Business Maverick


SA grain farmers may reap bumper harvest but profits have withered on vine of input costs

SA grain farmers may reap bumper harvest but profits have withered on vine of input costs
The John Deere X-9 1000 combine harvester on display at Grain SA’s Nampo Harvest Day in Bothaville. R15,000 million price tag.Photo:Ed Stoddard

South African grain farmers have reaped a bumper harvest thanks to the rains of La Nina. But profits have been squeezed because the crop was planted when input prices were at record highs. This may leave many farmers dry on liquidity as El Niño and the potential droughts linked to it loom. 

On one hand, South African grain farmers have had a pretty good run the past three years, not least because a prolonged La Nina weather pattern drenched much of the summer crop area with abundant rains. 

Tractor sales for example last year reached their highest levels in 40 years, a clear sign that farmers have been investing in their business and have the capital, or at least the access to finance, to do so.

Read more in Daily Maverick: South African tractor sales in 2022 reached highest level in 40 years

This stems from a string of bumper harvests. This season will see a record soya crop and South Africa’s maize haul for 2023, according to the latest forecast from the government’s Crop Estimates Committee (CEC), is expected to be just shy of 15.9 million tonnes, compared with 15.57 million tonnes in 2022. In 2021 it reached 16.35 million tonnes. 

To put this in perspective, the record maize crop was 16.82 million tonnes in 2017. So the recent harvests have been bountiful by historical standards. 

But profits look set to wither on the vine of input costs that were red hot when the seeds were sewn in the spring and early summer. 

“We planted with record high input prices and so the recent drop in the grain price overall has been devastating for farmers,” Corne Louw, the head of economics and member services at industry group Grain SA, told Daily Maverick in an interview on the sidelines of the annual Nampo Harvest Day agricultural show in Bothaville in the Free State.

South African farmers import over 80% of the inputs they require, Grain SA CEO Pieter Taljaard told Daily Maverick

“It’s only phosphate that is really grown here,” he said.

Domestic South African maize prices have fallen about 20% since the planting season to around R3,700 a tonne Louw said. Meanwhile, input costs between April 2022 and April 2023 have declined 37% to 51% — depending on the input — from their historic peaks.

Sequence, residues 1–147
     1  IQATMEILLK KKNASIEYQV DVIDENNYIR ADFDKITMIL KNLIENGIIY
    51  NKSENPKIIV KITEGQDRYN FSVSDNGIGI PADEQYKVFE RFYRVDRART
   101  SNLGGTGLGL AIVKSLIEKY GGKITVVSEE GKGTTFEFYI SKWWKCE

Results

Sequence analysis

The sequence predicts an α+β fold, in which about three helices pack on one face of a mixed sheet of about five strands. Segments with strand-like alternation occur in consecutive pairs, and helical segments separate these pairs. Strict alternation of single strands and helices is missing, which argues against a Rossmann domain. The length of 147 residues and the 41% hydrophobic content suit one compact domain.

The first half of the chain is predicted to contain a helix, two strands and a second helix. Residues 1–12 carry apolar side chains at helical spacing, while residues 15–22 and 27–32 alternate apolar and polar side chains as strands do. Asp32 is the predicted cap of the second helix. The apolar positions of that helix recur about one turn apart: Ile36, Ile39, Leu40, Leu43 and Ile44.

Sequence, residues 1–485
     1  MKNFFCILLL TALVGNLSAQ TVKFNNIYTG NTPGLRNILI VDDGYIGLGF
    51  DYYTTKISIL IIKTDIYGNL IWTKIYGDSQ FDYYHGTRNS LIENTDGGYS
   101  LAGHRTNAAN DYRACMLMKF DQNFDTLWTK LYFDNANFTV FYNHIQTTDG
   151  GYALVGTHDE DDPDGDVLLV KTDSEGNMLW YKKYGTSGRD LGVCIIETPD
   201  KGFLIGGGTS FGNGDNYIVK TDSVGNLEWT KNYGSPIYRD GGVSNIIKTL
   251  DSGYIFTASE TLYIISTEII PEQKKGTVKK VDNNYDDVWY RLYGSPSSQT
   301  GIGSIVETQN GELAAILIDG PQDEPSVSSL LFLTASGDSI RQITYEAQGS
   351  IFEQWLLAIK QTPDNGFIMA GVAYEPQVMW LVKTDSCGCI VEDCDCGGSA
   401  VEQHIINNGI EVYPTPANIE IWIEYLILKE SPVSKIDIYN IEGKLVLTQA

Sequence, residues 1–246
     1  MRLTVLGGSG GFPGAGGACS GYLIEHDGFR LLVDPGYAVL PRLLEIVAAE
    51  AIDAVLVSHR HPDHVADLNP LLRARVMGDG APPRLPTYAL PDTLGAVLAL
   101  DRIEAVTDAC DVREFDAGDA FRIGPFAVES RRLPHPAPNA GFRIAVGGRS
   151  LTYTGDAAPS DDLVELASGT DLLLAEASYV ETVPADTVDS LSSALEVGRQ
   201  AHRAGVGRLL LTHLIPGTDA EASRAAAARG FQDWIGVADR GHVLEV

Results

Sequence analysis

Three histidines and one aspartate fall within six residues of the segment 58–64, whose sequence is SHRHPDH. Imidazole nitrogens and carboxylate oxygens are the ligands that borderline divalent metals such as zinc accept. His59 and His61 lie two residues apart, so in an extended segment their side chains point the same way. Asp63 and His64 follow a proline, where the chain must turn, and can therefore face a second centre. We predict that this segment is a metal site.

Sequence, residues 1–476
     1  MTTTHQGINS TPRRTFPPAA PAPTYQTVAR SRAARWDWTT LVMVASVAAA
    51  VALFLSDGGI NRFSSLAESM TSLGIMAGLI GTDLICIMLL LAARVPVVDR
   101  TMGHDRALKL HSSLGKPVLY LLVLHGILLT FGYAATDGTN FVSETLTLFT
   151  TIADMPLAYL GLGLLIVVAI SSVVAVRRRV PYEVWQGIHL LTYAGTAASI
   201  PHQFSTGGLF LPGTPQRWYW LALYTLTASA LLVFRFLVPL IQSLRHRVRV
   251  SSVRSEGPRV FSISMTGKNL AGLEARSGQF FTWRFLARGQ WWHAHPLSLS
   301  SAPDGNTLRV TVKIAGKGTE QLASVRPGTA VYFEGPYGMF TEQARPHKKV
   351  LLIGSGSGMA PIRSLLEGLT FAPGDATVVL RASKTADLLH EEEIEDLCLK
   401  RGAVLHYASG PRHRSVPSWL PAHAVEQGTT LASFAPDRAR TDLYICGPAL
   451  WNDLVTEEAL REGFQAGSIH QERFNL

This will bring relief for next season, but may leave many farmers high and dry as they are not getting the expected price now after they splashed out hugely for costs. 

“No one saw this fall in the maize price,” one large-scale commercial farmer told Daily Maverick

Global maize prices have been cooling after the initial shock of Russia’s invasion of Ukraine and anticipations of the Americas producing a record global maize crop for the 2023/2024 northern season. 

And inputs go beyond fertiliser. Diesel is a big cost and all of the monstrous tractors and harvesters on display at the sprawling Nampo grounds, with price tags of up to R15-million, are manufactured abroad. 

The squeeze in margins comes against the backdrop of a debt burden for commercial farmers from this past season of between R180-billion and R200-billion. Of that, an estimated 60% is being carried by grain farmers. 

This underscores the point that the risks are not restricted to South African agriculture. The banking sector has significant exposure to the soils of the platteland at a time when interest rates are rising and look set to get hiked again next week in response to the rand’s recent meltdown. 

And after three straight seasons of La Nina, an El Niño looms which Nasa scientists have said could be an absolute scorcher. El Niño typically heralds drought in southern Africa and the 2014-2016 event hammered farmers big and small in the region. This could keep food inflation on the boil. raising the spectre of increased hunger and food insecurity.  

Read more in Daily Maverick: Nasa reports early signs of El Niño formation that could herald drought in SA 

After the rains of La Niña, a bitter harvest may be in the offing, and not just on the fields. DM


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